Being “Too Stubborn” To Go Bankrupt Is Not Something To Brag About

Although it is not as widely celebrated, the logging industry is as much a part of what makes Wisconsin Wisconsin as the dairy industry. Some of the first settlers in the area were loggers, and many Wisconsinites continue to make their living as modern-day lumberjacks. However, the closure of the Verso paper mill in Wisconsin Rapids has had a dramatic impact on our state’s timber industry. 

The mill was the largest buyer of wood in the area, so its closure has caused a supply glut. There is so much pulpwood available, the price is crashing and loggers and haulers are losing their shirts. The U.S. Department of Agriculture is trying to keep everyone aloft through its Pandemic Assistance for Timber Harvesters and Haulers program, but there may be nothing the government can do in the wake of such strong market forces. 

Wisconsin Public Radio reports that “Low prices have pushed some Northwoods loggers to the brink of bankruptcy. One attendee at [a roundtable with U.S. Senator Tammy Baldwin] joked that loggers were “too stubborn” to go bankrupt; others said they wished that were true. [The president of the Great Lakes Timber Professionals Association] said as an owner/operator of his business, he’s been able to make changes that have kept him profitable, barely, but it’s come at the expense of his own retirement and benefits plans.”

Let’s take a deeper dive into this quotation. 

Joking that you are too stubborn to go bankrupt is not terribly funny. Midwesterners as a whole, and blue-collar business owners in particular, often wait too long to seek help when facing financial distress. Getting help is not a sign of weakness. If anything, it demonstrates sound business judgment.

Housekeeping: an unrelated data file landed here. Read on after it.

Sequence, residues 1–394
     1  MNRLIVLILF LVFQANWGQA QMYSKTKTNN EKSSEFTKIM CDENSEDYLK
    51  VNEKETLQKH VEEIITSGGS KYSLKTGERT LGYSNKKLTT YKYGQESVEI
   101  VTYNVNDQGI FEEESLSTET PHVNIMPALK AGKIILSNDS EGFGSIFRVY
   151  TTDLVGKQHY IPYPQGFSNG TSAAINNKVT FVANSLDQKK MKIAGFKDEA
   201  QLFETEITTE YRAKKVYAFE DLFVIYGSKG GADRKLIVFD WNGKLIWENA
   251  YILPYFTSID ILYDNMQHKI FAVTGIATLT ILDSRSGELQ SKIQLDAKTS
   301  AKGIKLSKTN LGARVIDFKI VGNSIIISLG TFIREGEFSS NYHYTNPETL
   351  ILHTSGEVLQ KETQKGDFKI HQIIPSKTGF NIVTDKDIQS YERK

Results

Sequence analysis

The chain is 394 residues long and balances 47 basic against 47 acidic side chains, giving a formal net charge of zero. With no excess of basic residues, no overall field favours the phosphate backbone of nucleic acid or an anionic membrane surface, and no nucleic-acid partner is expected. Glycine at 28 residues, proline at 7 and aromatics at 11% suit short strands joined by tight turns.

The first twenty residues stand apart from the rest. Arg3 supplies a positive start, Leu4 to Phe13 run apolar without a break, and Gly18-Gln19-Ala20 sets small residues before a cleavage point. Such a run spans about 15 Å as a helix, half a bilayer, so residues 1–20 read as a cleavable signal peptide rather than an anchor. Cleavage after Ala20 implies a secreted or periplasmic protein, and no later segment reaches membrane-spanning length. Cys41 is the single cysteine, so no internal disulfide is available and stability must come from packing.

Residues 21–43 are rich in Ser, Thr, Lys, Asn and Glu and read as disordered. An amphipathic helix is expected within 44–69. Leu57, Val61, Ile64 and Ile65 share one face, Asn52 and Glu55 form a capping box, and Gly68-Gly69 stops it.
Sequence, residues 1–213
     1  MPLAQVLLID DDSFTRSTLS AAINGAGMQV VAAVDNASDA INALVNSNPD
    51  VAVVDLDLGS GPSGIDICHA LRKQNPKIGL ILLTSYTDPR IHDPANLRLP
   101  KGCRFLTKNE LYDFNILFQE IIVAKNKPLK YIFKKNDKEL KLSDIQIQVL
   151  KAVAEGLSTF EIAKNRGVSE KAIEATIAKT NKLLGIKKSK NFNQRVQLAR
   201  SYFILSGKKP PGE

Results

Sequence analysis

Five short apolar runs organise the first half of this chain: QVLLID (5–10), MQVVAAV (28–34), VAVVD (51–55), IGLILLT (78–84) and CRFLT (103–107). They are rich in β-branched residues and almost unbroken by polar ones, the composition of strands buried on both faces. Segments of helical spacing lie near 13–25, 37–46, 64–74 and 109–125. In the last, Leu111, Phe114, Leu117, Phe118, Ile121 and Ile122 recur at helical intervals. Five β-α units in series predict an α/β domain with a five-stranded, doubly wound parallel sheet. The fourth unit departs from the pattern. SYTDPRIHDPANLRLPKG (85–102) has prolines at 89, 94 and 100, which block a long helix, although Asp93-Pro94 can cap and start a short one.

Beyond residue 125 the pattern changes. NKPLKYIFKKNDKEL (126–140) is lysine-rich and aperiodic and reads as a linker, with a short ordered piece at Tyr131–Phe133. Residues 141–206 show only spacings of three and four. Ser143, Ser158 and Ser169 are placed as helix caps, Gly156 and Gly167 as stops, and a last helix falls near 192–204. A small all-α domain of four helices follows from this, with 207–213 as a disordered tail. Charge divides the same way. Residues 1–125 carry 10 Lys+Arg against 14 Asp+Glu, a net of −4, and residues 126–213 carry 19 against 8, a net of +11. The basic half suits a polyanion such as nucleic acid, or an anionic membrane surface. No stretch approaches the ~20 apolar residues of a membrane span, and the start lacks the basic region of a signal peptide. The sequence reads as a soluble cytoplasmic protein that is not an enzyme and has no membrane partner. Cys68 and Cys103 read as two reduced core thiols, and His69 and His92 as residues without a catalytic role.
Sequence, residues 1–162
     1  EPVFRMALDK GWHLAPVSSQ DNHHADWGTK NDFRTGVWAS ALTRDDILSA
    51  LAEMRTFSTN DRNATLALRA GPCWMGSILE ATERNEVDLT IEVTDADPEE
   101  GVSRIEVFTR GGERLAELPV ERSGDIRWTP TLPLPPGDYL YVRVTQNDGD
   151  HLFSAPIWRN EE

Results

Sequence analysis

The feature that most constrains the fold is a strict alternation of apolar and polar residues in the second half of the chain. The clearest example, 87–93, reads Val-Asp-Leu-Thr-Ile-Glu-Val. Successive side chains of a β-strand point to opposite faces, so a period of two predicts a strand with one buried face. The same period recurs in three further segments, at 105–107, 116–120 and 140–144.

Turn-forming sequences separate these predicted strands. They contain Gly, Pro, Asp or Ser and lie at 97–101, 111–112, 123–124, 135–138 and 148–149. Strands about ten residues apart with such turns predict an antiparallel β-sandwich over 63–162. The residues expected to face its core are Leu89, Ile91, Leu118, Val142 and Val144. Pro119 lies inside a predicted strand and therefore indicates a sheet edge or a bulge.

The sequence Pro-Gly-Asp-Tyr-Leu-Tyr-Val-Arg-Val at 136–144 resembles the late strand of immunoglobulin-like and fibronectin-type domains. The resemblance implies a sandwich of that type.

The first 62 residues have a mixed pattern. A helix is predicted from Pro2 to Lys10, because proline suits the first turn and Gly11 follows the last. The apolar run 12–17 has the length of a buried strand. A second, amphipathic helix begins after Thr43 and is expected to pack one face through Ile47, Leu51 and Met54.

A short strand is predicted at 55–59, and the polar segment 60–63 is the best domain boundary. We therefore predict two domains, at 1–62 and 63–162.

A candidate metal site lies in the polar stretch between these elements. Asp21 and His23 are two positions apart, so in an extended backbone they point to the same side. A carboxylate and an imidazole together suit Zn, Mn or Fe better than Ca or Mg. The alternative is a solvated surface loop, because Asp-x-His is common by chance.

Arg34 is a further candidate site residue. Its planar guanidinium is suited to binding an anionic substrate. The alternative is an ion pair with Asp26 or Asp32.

Speaking with an experienced bankruptcy attorney like those of us at Hanson & Payne as soon as it is clear drastic action must be taken means there are more options on the table. The longer the delay, the fewer paths forward. 

The other thing in the quote that jumps out is the business owner who has apparently dipped into their own retirement account and cut benefits in order to stay profitable. This is admirable if it saved the company and saved other people’s jobs, but we hope it was done in consultation with financial or business advisors. If the market doesn’t turn around, and the business goes under, this owner will be without a job and without anything to fall back on. An early bankruptcy, that allowed the business to renegotiate its financial obligations and retool its operations may have been a better option. 

Milwaukee area businesses facing financial uncertainty can count on Hanson & Payne, LLC to have their back. Our experienced team of attorneys isn’t just paper pushers. We are business-minded counselors who can help your business navigate these uncertain times. Please contact our office today to schedule an initial consultation.